Military reform has featured prominently on the agenda of many countries since the end of the Cold War necessitated a re-evaluation of the strategic role of the armed forces, and nowhere more publicly than in Russia.
Not since the 1920s have the Russian Armed Forces undergone such fundamental change.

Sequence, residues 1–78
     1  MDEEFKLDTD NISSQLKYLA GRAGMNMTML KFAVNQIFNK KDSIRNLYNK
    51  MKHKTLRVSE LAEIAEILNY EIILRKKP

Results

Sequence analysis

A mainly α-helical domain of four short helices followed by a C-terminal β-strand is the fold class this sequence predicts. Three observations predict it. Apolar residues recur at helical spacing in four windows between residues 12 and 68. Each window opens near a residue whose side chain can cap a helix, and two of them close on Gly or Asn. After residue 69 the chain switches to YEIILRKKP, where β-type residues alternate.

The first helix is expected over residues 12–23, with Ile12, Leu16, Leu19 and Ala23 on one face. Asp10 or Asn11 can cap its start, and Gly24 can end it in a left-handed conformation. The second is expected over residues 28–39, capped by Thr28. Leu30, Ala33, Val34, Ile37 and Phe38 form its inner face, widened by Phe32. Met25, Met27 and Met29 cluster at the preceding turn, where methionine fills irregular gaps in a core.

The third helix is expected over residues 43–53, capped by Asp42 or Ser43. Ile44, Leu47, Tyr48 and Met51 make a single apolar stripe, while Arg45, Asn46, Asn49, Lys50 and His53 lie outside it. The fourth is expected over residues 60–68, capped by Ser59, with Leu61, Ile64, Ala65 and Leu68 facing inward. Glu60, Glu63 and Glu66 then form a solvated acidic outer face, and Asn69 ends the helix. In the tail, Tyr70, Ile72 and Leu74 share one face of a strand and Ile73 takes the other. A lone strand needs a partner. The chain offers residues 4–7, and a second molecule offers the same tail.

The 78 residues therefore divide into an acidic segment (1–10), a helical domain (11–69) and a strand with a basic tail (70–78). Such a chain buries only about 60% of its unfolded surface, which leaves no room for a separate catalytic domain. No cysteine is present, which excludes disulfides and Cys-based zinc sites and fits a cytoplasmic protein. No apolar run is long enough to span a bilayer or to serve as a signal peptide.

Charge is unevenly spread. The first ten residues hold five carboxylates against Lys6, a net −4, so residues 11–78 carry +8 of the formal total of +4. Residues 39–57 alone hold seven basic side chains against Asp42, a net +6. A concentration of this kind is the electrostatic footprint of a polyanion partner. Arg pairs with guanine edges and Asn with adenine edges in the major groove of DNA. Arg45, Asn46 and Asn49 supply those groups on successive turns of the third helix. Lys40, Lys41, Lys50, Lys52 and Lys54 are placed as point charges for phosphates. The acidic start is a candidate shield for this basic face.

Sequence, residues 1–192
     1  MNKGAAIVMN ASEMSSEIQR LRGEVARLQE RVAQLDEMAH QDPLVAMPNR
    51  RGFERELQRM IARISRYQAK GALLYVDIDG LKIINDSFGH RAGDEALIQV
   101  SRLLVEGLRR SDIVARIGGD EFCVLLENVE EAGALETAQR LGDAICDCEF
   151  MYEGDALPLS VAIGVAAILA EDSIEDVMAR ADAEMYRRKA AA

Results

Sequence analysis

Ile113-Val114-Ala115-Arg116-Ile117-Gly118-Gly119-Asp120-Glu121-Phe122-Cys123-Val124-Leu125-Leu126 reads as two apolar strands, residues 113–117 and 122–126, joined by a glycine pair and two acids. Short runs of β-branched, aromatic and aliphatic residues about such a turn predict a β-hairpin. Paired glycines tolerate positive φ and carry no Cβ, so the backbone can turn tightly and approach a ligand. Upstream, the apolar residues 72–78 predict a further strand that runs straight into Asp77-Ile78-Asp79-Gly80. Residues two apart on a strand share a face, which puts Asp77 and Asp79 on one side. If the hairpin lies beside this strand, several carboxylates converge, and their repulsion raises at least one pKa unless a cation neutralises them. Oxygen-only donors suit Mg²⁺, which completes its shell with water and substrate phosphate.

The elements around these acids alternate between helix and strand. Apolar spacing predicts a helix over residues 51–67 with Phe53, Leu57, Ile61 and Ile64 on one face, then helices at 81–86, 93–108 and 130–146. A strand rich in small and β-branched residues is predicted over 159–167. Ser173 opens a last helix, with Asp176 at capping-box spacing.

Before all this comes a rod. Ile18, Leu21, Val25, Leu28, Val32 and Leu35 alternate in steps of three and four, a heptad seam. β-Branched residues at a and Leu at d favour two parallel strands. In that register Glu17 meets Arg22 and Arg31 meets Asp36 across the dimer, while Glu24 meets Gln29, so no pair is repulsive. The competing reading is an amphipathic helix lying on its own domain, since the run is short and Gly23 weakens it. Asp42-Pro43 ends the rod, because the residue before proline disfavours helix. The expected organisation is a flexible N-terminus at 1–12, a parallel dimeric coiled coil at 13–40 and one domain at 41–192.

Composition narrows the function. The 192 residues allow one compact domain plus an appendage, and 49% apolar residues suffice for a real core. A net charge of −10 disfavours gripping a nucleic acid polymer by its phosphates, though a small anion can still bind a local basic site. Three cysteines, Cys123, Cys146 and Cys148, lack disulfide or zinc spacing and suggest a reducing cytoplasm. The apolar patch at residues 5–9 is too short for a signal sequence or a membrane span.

President Boris Yeltsin and his successor Vladimir Putin have both grappled with the issue, with varying degrees of success. An international team of experts here consider the essential features of Russian military reform in the decade since the disintegration of the USSR. Fluctuations in the purpose and priorities of the reform process are traced, as well as the many factors influencing change. Chapters analyse the development of Russia's security policy, structural reform of the services, the social impact of military service and experience of military conflict in Chechnya. Critical evaluations of the impact of social change on the Russian Armed Forces' capabilities and expectations complement the analysis of the on-going debate. Russian Military Reform, 1992-2002 will prove invaluable to all those interested in civil-military relationships and international security as well as to students of military theory and practice.